I always thought that machines were made to lighten a person’s work load and free up time for leisure. No one explained to us in Home Economics classes that a piece of machinery has a mind of its own. Of course, I didn’t know then that I would eventually have four children, a dog (or two), live in the country and have to deal with country plumbing. When I speak of country plumbing, I mean the sort that relies on well water and electricity to work. Urban plumbing simply requires a water supply that works on gravity and usually comes from a central pumping station. Country living depends on a well and a pump that rumbles and gyrates on a cinder block base in the cellar. Everything is just fine as long as the pump is working and the pump works as long as the power supply keeps coming which is a moot point if the machine in question is in top shape.
My first bone of contention upon moving to the country was the fact that gravity was no operating in my favour. Our washing machine was down in our brand new basement along with something called a sump pump. The sump pump moves the excess water (rain or snow melt or just ground water) out from under the house and into the ditch. I was supposed to keep an ear cocked for excessive pump action which could mean that our basement was flooding and the pump was being over-worked.
At first I assumed the sudsy water would just go into the drain and end up in the ditch. O no, no, no! Things were not that simple. Washing water, flushed water, bath water, and dish water were destined to take a downward journey from the upstairs floor and an upward journey from the cellar out to a tank buried in the ground. This tank got pumped out at least every two years, a smelly operation carried out by a large pumper truck. Getting water to flow down is no problem, but getting water pumped up from my washing machine required a third pump, one that sat beside my washer. That pump became the bane of my existence and was called some very colourful names and threatened regularly with bodily harm.
Hearing became an important sense for country survival. Not only was I listening for the particular telephone ring that was our party-line sequence, I was also listening for the for the sound of pumps. The regular operation of the sump pump and the well pump were essential, and even more necessary was the sound of the washing machine because, should I not hear the change i in it’s tone indicating the beginning of the rinse cycle, I wouldn’t get to the the pump switch before the deep washing sink overflowed onto the basement floor. Then I would have to spend some time in my rubber boots, sweeping water down to the floor drain. Because of four noisy children, a barking dog (or two) and my forgetfulness, our basement floor got washed on a regular basis. I spent a great deal of time in my rubber boots.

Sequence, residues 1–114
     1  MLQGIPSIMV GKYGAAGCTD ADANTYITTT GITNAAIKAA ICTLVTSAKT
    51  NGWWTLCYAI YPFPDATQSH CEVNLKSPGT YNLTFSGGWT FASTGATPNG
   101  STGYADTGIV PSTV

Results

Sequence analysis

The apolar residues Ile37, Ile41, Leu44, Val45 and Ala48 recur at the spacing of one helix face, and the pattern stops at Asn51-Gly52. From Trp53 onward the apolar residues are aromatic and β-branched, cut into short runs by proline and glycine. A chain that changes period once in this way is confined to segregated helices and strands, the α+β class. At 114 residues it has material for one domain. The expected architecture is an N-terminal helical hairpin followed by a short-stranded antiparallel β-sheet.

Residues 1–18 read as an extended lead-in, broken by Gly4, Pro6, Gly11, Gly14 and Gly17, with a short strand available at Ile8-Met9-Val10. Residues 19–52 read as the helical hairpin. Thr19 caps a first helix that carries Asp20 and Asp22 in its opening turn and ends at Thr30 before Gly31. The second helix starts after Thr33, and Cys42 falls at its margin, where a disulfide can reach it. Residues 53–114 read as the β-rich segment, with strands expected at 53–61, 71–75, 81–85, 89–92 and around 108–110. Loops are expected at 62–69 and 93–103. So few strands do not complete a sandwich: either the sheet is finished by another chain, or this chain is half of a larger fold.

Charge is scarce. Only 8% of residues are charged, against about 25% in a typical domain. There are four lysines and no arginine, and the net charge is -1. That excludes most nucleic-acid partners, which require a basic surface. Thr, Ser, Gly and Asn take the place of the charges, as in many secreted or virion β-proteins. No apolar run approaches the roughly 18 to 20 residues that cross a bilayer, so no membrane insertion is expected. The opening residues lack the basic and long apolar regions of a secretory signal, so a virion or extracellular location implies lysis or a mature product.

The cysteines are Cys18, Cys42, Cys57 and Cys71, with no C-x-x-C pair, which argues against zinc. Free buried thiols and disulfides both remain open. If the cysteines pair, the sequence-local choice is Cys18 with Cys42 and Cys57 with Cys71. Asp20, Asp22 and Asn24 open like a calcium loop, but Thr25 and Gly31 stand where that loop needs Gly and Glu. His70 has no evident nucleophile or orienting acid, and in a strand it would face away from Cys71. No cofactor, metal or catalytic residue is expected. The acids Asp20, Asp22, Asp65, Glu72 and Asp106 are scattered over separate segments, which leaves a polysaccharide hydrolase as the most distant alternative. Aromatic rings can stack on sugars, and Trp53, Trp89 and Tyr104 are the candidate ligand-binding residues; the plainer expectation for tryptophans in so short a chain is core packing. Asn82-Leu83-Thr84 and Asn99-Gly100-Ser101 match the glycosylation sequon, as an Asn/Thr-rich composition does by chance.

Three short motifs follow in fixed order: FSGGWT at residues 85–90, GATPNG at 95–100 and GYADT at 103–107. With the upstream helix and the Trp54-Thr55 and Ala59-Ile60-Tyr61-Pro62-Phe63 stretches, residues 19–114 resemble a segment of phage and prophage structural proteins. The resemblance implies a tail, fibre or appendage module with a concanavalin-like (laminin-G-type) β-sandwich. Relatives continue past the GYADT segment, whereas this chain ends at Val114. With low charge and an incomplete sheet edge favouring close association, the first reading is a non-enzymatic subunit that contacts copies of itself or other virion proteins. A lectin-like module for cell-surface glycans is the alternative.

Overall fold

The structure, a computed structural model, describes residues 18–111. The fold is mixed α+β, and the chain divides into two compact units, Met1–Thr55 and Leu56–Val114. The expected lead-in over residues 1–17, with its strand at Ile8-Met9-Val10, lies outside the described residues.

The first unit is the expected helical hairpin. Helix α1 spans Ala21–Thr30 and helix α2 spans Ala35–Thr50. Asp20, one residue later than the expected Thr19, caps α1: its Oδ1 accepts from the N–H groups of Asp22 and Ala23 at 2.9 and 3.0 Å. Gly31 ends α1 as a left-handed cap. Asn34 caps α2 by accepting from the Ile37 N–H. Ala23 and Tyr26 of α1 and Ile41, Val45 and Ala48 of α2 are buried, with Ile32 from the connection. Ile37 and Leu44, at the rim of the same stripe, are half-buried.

Washing machines come in all sizes. Ours was a commercial size with room enough, according to the advertisement to do the muddy laundry of a football team in the spring. I beg to differ. If I loaded towels and a couple of sheets into the tub, our washing machine set up a racket that would rival a cement mixer. It would dance a jig a leprechaun would envy and twist better than Chubby Checker ever did. Again, I would run down to the basement to placate the angry beast by opening it up and trying to level the load. It usually took me three tries to end its temper tantrum. I began to think living in a nudist colony had great attraction.
I remember being taught how to fold laundry properly in Home Ec and I used to love ironing clothes when I lived at home with my parents. I would make neat piles and hang all the shirts up on hangers so that the newly pressed collars and sleeves wouldn’t get crushed. Now, I just rushed down to the washing machine and flung everything into the drier that wasn’t going out on the line. Then, if I timed it just right, I could run down to the drier as soon as it stopped and not have to iron at all. I did a lot of running up and down stairs in those days. On the days I won the race, my husband didn’t have to wear wrinkled shirts.
Three stellar laundry days stand out in my memory. The first was the day we got a water sensitive drain that tripped the pump switch as soon as the water drained. That was real freedom. The second, was the day when our upstairs laundry room was completed and our machines came upstairs for good. No longer did I have to carry the laundry baskets up and down. The third day was the day our teenage children complained about the lack of clean clothes in their drawers. The light bulb went on over my head and a beatific smile spread over my face.
“Come with me ,” I beckoned them one by one. ” It’s time I introduced you to the washing machine and dryer.”
As they backed gingerly away from the manic gleam in my eyes, I closed the laundry room door and launched into the basics of Student Laundry 101.